DUNEDIN — Former Mayor Bob Hackworth wants his old job back.
On Monday, he filed to run for mayor against his successor, Mayor Dave Eggers, in the Nov. 6 election.
Hackworth says he was prompted to run by what he sees as "City Hall's turn away from" transparency, responsible budgeting and sound policy decisions.
"I really am concerned about the dysfunction of our city government right now," Hackworth said Tuesday. "It's just not operating the way it's supposed to. And I have to lay that at the feet of the mayor."
When qualifying ended at noon Monday, one city commissioner was automatically re-elected and another drew an opponent.
Julie Scales, on the commission since March 2003, was automatically re-elected to a fourth term when no one filed to run against her. Noting that democracy "is based on the exchange of ideas ... in the marketplace," Scales said she had been prepared for a challenger. She had raised more than $11,000 in campaign contributions, records show.
"I'm pleased to be re-elected. I think that Dunedin is going through a lot of changes and there remain a lot of challenges. And I think my experience thus far will be an asset to the commission," said Scales, a former attorney for Pinellas County government who now serves as executive director of the Pinellas Community Foundation.
Political newcomer Heather Gracy will face off against incumbent Commissioner David Carson for Seat 3. Gracy, a longtime community volunteer and former investment firm legal analyst, opened her campaign account in April and had raised $12,950 as of June 30. That included $100 she loaned herself and a $250 contribution from the Dunedin Firefighters Association, which has endorsed her.
Carson, elected in March 2009 and nearing the end of his first term, had $18,590 in contributions. That included $10,000 that the Dunedin Pest Control co-owner loaned himself.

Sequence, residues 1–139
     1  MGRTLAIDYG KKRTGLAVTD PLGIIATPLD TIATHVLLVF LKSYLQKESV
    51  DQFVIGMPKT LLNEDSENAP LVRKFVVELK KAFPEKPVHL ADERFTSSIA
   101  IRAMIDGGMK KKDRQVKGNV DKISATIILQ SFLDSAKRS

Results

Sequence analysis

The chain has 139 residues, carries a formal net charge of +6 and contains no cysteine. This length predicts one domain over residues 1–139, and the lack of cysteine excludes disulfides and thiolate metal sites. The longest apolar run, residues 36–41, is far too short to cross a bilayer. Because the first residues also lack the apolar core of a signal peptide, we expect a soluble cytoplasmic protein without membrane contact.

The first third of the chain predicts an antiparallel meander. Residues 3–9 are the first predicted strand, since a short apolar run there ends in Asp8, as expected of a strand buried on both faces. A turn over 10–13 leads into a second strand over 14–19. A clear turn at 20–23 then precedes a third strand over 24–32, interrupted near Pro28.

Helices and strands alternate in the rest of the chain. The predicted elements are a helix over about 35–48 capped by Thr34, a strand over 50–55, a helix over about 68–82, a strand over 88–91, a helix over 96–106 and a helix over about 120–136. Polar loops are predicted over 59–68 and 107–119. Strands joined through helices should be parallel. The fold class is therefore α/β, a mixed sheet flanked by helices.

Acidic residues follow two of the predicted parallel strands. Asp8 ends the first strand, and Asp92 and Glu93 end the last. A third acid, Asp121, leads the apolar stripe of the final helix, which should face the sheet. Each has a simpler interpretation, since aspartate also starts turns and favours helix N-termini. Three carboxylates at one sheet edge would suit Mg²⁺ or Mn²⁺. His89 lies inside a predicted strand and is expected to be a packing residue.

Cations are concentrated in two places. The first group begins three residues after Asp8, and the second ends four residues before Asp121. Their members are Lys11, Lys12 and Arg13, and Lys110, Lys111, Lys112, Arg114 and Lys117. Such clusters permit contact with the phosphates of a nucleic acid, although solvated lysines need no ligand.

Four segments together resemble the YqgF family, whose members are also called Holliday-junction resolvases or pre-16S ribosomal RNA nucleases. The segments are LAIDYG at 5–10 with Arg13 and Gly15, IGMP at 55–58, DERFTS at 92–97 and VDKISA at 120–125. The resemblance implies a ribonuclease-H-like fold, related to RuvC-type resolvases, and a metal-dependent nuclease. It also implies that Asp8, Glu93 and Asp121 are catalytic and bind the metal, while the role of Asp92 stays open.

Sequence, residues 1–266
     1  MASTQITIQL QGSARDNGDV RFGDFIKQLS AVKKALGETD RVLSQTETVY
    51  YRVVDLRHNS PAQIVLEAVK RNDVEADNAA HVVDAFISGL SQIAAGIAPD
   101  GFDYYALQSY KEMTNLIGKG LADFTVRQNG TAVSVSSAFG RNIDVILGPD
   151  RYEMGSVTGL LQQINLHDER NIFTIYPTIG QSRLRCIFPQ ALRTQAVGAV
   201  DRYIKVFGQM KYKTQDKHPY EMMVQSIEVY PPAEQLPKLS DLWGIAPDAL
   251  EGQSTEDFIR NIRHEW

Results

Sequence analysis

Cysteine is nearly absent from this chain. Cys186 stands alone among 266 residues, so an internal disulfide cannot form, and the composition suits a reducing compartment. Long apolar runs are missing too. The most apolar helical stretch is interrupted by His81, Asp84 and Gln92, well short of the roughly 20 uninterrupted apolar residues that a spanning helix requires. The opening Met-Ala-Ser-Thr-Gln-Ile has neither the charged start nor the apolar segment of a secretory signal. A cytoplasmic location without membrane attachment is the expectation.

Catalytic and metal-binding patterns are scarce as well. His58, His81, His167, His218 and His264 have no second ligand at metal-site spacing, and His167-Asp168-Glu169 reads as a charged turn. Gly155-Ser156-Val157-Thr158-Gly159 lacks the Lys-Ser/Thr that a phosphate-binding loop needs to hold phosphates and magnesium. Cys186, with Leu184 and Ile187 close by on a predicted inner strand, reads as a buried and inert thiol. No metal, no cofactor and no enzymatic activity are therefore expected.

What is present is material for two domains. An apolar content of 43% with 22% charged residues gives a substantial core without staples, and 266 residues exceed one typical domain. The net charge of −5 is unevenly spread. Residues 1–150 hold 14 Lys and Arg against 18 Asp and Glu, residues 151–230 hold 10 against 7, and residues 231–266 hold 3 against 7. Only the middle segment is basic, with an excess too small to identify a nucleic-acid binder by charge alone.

Hackworth, who owns an educational publishing firm with his family, previously served seven years on the City Commission, including one term as mayor. Hackworth declined to run for re-election after an unsuccessful bid to unseat U.S. Rep. C.W. Bill Young in 2008. Eggers, a real estate agent who's served on the commission since 2003, became mayor in 2009.
As of June 30, Eggers' campaign account contained $850 — $500 of which he loaned himself. Hackworth must file his first financial report by Sept. 21.
November's election will be the first since residents approved a 2010 referendum to move voting from March and to extend city commissioners' terms from three to four years — permitting the city to lower costs and increase voter turnout by coinciding with the county, state and federal election cycle.
The city has budgeted $12,250 for this fall's election. On average, March elections have cost $53,000 to $55,000, according to city figures.
On the other hand, political watchers say, the changed timing means higher expenses for candidates, who now have to get the word out to a potentially larger pool of voters. About 7,000 voters turned out for Dunedin's last March election in 2009. Pinellas County Supervisor of Elections data show more than 19,000 Dunedin voters cast ballots during the November 2008 and November 2004 elections.
Commission seats won't be the only Dunedin-specific items on the November general election ballot.
Voters will also make decisions on a half-dozen referendum questions related to the city charter. Those include whether to institute commissioner term limits, increase the number of commission votes needed to hire and fire the city clerk, require city leaders to act more quickly on citizen petitions, and expand on the state's definition of criminal acts that would cause an elected official to be suspended or removed from office.
Keyonna Summers can be reached at firstname.lastname@example.org, (727) 445-4153 or on Twitter @KeyonnaSummers. To write a letter to the editor, go to tampabay.com/letters.